Blog #6
Understanding ourselves as part of history – finding objectivity

Written by
Lory Kaufman

It’s been said that to change any fundamental aspect of a civilization for the good we have to ‘change people’s hearts. This means it all comes down to changing the way people think. Individuals must make an effort to become self-aware, and to gain an objective perspective of the world around them. Hard-core economists, who insist that economics is a science and this approach is touchy-feely, may object. Others insist that economics is best promoted as a philosophical study leading to a long-term way for civilization to organize itself. Of course, it must be a balance of both.

Finding yourself consists of peeling off years of social conditioning to find a self as it existed during childhood – unmasked. ”

But in today’s world, democracies have changed from being about compromise for the greater good, to forums where each side always wants their own way, no matter what. If you are part of a group that currently advocates this mindset as a working strategy, and you really believe in your side’s philosophy, consider this; most people don’t know why they believe what they believe. This is an important phenomenon to be aware of. It’s easy to see it in others, almost impossible in one’s self.
This is because most people’s core beliefs about money, work ethic and social status are learned through a process of mental osmosis. Most of us simply imitate and accept the attitude of those around us. It starts during childhood from contact with our parents, community, schools and places of worship. As well, the media we are exposed to as children heavily influences what we choose to follow as adults.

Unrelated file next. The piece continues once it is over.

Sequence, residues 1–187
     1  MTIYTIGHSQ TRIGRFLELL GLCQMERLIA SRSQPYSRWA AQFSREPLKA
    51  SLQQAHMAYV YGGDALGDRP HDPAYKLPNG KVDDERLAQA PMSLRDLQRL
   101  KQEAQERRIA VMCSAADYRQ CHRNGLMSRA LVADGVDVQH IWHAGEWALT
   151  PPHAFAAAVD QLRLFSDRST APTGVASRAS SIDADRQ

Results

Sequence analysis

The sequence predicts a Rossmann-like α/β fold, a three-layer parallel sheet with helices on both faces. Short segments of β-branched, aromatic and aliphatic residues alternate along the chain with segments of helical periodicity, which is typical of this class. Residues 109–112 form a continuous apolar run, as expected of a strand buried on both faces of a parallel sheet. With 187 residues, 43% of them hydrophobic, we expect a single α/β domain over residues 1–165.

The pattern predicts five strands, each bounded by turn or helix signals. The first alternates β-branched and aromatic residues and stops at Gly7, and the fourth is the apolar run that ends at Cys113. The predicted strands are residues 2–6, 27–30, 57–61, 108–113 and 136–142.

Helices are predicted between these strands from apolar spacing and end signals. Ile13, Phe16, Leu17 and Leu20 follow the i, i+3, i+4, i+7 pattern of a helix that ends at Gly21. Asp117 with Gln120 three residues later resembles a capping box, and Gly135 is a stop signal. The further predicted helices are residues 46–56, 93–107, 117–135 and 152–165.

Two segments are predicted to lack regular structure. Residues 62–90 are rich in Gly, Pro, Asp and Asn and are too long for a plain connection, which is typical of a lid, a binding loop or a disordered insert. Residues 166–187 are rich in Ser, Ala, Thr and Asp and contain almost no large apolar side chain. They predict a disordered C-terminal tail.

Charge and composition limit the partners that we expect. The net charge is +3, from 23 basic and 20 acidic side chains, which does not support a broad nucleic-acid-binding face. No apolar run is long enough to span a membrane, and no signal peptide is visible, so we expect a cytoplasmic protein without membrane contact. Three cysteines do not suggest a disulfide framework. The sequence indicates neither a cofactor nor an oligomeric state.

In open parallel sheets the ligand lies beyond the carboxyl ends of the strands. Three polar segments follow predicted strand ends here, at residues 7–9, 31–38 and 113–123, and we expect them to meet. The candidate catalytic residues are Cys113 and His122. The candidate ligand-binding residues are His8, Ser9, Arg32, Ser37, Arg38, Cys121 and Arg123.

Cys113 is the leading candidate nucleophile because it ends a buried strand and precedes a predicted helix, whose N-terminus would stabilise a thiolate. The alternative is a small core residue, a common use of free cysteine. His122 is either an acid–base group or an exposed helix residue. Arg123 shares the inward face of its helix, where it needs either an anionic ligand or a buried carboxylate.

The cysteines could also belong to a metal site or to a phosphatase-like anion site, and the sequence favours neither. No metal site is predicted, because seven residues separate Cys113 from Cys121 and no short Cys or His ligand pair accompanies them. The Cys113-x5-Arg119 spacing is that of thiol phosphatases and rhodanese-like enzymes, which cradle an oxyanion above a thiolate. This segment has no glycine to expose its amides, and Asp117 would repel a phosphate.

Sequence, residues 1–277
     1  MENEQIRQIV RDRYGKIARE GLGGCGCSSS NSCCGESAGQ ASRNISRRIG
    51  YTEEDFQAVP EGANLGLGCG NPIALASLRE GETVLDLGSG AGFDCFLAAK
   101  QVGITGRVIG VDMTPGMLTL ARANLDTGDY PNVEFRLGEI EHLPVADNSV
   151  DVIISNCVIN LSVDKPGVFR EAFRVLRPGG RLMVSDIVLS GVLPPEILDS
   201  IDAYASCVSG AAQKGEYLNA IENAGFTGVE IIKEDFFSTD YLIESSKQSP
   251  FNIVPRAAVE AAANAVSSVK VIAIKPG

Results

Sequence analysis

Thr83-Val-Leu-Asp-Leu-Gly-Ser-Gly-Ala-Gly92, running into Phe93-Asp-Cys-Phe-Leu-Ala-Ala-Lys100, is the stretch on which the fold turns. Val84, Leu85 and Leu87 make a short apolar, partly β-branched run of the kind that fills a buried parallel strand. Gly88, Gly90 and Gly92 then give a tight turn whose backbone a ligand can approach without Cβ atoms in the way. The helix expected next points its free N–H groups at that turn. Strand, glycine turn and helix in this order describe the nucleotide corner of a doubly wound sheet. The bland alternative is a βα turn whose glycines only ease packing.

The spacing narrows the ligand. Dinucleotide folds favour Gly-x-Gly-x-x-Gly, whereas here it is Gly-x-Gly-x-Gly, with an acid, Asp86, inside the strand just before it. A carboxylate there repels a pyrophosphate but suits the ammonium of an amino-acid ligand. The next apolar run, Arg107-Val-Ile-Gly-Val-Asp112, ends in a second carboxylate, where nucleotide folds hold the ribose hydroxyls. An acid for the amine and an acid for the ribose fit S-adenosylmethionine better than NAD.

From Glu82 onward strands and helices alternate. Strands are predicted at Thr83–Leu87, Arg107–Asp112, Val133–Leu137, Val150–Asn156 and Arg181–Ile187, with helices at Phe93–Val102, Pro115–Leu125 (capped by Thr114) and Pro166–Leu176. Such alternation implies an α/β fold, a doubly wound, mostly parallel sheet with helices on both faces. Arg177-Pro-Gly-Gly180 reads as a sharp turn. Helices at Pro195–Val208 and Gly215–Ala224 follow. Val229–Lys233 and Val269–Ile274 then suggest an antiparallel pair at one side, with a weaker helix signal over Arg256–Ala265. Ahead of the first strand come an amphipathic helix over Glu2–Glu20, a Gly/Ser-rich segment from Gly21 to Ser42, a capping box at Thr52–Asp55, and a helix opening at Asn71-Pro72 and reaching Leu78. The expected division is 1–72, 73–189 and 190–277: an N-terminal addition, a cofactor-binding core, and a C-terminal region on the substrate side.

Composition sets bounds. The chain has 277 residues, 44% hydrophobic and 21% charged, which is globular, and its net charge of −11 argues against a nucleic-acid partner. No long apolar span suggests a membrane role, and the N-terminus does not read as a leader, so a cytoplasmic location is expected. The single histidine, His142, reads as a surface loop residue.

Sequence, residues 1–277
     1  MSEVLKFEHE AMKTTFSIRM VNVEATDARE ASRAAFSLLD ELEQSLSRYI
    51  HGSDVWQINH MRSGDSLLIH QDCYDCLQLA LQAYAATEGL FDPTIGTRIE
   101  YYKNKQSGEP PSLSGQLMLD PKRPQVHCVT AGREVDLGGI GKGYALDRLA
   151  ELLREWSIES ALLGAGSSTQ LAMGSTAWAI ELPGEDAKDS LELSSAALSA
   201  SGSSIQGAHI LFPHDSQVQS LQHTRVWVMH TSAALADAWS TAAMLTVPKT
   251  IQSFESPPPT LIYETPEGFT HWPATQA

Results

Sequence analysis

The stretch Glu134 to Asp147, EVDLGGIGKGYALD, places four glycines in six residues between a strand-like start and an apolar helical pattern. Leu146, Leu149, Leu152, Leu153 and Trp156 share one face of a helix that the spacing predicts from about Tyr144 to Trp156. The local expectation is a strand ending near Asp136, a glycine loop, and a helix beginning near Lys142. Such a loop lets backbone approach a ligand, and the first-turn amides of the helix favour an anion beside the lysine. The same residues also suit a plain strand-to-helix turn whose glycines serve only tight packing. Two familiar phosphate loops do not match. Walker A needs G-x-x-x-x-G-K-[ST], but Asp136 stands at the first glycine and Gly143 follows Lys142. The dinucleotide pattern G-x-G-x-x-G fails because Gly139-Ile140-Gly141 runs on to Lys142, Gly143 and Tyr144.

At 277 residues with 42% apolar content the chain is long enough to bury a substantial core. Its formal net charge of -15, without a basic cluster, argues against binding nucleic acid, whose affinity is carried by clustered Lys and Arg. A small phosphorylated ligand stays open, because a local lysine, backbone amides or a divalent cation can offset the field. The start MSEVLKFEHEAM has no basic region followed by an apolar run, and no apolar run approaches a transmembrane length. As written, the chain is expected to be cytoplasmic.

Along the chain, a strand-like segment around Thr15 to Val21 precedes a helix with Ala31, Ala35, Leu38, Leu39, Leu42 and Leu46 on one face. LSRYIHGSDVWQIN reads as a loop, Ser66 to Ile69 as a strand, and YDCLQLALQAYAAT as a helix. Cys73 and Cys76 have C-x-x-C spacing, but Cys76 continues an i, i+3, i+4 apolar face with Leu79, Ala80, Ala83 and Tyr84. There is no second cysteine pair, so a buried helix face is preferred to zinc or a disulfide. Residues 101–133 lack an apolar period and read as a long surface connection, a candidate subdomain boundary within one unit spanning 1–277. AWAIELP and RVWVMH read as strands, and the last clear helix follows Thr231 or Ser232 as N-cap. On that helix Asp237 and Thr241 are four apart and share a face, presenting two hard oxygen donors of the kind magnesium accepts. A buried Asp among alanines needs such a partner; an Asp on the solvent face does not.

This often causes a psychological hot button to form in one’s brain that triggers a person of one mindset to resist another side’s point of view – often violently. If your parents are liberal thinking, it’s a good chance that will be your mindset. The same goes for all political persuasions and religions. Note the use of the word ‘mindset’ instead of ‘belief.’

The word ‘belief’ implies a person has put some thought into why they accept something as true. They’ve studied the historical reasons and weighed the arguments from all sides. ‘Mindset’ means the person has been conditioned to reflexively respond to something, despite rational reasons for them not to. These responses are usually quite short, without reference to history or data, and often come out more like emotional outbursts instead of an invitation to dialogue.

In the end, the cure for this tunnel vision about the righteousness of one particular community over another is to see ourselves as part of a long history, where customs and shared beliefs change over time and that we are just living somewhere on the continuum of one of those historical and cultural threads.

Appreciating that our way is not necessarily the be-all and end-all of a truth will set you free to explore ideas and other cultures. It will then allow you to make your own choices of what is good for society and what is conditioning by those with ulterior motives. And make no mistake, social conditioning is real and those who fund media, cultural and educational curriculums do have ulterior motives. Just follow the money.

Being considered crazy by those who
are still victims of cultural conditioning is a compliment.”

–Jason Hairston
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